Not sure where else to post this.
My daughters are 7.5, 6 and 2.5 y.o. My Husband and I separated almost a year ago. I filed for divorce about 1.5 months ago and about 2 weeks ago I finally got through to my husband that I actually mean it. He flew off the handle calling me all sorts of names (I'm a whore, and gold digger etc...) all of that was in front of the 2.5 year old who wouldn't leave my side that evening. He then stormed into the house to inform the girls that he'd be moving back to Japan soon--at bed time and right before he was about to leave. They start wailing. No answers to any of their questions prepared... After he left and I finally got them settled down and in bed he comes back in (I'd forgotten to lock the door) and tells the girls that when he's at the airport going back to Japan he's going to tell them the truth... I kicked him out, and locked the door at that point.
Last week my 7 year old started having emotional break downs at the smallest provocation. Anytime she gets upset she immediately starts screaming. Says she hates me, her sisters, my mother (we're living with my parents right now) and that no one appreciates her... I finally got her talking about what was wrong yesterday, put 2 and 2 together and realized that the break downs are divorce related.
My 2.5 year old won't go anywhere near her dad.
Does anyone have any book or helpful resource recommendations for how to deal with children's divorce trauma? I'd been doing a pretty good job of protecting them from it up till now, but I couldn't get him to stop and listen to me about how it would hurt the girls going in and telling them like that. He was too interested in making me feel bad about how I'm hurting the girls... . He feels bad about it now (only because his youngest won't let him hold her).
Anyway thanks for any advice anyone may have.
It's so unfortunate when the kids get used as pawns like that. I couldn't read without responding. I don't know of any good books to read - I never did find any good ones, myself. I do know that the anger will dissipate in time, and then come back, and then go away. It never really does end, in my experience.
My only real suggestion is to look into whether or not there are resources in your area that offer councelling to the kids. Sometimes their school will offer something. I know that when I was young, and my parents got divorced, they put us in a group through our school called "Rainbows", that helped us work out our feelings about it all. I wish I could find something like that for my kids, because it really did help to know that we weren't alone. There were a surprising amount of kids going through the very same thing.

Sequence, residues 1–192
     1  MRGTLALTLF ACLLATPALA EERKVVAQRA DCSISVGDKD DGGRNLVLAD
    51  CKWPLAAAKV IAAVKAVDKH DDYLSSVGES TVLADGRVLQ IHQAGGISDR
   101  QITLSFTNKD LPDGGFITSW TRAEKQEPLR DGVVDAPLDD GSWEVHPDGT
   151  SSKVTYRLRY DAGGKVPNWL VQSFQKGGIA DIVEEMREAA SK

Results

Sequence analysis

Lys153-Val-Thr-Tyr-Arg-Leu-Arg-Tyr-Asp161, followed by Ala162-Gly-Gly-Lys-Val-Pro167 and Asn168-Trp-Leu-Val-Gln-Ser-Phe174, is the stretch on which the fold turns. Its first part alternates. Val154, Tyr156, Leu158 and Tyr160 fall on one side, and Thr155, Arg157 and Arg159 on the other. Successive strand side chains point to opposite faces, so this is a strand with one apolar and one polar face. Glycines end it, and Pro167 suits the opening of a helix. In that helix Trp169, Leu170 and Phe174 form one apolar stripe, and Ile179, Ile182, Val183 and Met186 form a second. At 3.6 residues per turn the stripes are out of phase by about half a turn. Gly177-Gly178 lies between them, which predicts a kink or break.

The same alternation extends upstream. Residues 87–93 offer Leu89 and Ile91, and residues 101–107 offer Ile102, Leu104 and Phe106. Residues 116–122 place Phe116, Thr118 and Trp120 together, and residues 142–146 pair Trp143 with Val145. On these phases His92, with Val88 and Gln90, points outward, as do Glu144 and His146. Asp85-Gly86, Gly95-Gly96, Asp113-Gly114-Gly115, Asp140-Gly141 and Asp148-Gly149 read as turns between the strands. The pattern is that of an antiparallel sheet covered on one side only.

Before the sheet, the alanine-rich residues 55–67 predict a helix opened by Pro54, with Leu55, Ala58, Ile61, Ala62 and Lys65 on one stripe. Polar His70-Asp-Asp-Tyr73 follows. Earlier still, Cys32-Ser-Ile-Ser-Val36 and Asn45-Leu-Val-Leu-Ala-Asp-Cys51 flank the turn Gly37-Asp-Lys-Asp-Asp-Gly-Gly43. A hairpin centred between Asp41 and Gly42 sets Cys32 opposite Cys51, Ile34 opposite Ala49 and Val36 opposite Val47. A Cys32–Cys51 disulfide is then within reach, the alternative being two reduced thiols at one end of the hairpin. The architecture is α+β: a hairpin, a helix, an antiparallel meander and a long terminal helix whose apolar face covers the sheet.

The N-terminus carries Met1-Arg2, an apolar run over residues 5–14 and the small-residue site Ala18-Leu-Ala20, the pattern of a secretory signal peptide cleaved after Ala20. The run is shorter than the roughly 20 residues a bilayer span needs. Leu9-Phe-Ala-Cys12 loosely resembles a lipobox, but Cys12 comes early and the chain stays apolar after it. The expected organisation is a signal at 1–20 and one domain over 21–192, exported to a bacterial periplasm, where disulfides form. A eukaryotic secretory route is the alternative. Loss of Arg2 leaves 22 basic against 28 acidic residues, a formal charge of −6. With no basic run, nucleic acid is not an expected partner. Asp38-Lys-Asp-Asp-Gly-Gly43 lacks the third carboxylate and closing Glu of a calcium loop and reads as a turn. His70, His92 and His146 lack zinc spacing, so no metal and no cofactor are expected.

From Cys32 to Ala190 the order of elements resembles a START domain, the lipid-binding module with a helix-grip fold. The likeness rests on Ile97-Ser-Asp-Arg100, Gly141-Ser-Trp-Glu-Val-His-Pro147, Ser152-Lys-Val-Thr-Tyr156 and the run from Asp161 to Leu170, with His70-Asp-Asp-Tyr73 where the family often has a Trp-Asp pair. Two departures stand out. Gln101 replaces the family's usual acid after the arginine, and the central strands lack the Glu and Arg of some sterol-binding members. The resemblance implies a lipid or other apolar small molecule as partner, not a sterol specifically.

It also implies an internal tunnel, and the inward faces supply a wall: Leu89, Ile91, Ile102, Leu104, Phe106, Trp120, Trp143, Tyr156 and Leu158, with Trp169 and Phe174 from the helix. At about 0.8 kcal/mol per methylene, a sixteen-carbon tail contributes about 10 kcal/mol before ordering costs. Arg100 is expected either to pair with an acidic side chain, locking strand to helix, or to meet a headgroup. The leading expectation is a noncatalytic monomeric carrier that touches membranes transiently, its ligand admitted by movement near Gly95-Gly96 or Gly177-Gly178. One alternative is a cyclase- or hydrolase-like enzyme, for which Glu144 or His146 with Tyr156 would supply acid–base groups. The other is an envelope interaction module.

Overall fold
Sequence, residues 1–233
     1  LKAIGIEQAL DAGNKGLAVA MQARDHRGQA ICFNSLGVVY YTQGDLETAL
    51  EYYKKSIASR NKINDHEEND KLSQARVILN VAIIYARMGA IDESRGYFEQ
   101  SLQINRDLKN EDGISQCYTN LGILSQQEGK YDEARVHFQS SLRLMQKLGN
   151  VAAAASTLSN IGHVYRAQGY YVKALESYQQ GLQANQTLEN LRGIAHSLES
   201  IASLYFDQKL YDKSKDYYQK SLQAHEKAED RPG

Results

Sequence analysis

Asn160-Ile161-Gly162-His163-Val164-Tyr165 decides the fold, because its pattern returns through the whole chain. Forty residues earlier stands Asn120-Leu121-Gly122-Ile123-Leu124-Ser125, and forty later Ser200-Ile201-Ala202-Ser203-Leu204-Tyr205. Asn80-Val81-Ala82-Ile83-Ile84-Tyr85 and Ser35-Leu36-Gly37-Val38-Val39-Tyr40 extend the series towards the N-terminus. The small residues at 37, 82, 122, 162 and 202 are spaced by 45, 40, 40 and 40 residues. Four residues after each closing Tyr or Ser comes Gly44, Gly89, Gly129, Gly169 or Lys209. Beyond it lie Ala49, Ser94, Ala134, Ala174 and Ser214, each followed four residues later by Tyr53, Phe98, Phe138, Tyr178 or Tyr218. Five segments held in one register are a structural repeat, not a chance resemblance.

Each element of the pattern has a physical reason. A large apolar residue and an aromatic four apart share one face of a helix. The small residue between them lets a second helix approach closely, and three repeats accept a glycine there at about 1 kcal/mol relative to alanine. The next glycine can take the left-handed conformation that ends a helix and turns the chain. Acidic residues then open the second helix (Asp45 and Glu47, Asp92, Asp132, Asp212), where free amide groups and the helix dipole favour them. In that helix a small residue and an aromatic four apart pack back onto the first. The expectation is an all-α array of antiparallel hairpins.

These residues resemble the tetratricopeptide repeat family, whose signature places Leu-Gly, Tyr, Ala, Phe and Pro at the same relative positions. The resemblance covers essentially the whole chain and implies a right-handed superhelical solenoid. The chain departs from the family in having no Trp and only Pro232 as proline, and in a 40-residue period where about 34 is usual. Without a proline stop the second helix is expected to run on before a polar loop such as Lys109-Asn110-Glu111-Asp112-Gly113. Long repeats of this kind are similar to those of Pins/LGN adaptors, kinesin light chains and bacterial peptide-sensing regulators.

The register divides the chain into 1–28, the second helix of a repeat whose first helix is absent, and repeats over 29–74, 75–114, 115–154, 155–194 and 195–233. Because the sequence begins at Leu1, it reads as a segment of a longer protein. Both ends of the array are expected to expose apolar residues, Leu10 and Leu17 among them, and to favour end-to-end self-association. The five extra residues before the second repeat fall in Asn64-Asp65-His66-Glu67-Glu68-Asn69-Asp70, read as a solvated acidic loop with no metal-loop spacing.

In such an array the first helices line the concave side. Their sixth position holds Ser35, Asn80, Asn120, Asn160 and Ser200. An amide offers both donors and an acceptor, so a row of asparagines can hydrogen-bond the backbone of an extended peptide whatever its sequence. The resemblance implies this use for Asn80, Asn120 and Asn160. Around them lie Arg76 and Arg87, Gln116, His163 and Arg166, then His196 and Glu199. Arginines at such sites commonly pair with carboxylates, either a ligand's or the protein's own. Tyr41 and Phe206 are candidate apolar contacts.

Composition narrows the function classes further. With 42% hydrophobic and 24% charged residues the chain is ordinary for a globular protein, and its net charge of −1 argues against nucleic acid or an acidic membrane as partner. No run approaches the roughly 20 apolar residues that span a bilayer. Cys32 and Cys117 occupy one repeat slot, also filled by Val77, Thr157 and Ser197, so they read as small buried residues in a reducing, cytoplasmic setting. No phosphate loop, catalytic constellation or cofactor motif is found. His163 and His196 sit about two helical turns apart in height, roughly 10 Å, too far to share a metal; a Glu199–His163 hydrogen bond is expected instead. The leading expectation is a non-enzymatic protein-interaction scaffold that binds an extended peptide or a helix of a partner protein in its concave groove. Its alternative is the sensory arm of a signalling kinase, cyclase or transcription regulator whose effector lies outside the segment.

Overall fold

Just be the stable rock they need right now. Make sure they know that you're not going anywhere, and be there for them when they need to talk. Be a listening ear. Try not to discuss their dad, as hard as that can be at times. I also had an ex-husband who left the country and abandoned his very confused and sad children, leaving them thinking it was all their fault. There were a lot of behaviour issues that stemmed from the feelings of abandonment. My 6 year old started stealing. Mainly small little trinkets, and when I discussed it with a counceller it was explained that sometimes kids will do this when they feel a bit empty, and they're trying to fill that empty feeling after a parent leaves. So you may see some weird behavioural things popping up if your ex really does leave for Japan. Kids react in funny ways, sometimes.
You'll probably find that your younger child will adapt better than the older ones, in time. The older ones can hoard a lot of bitterness. ;) Especially because theyr'e old enough to remember the fights. I still vividly remember a lot of the bad ones that my parents got into during their divorce.
Hopefully somebody else will have some good ideas re: resources or books. My only advice is lots of hugs, lots of listening, and lots of reassuring your kids (when they need to hear it) that their father leaving has nothing to do with them, and that the divorce is not their fault. Having been on both sides of the fence (both as a divorced parent, and a child of divorce) I know that kids will often drive themselves batty thinking about how they could have prevented their parents from splitting up by just being a better kid, being nicer, etc. It really is a crummy feeling for them, and very hard for them to sort out.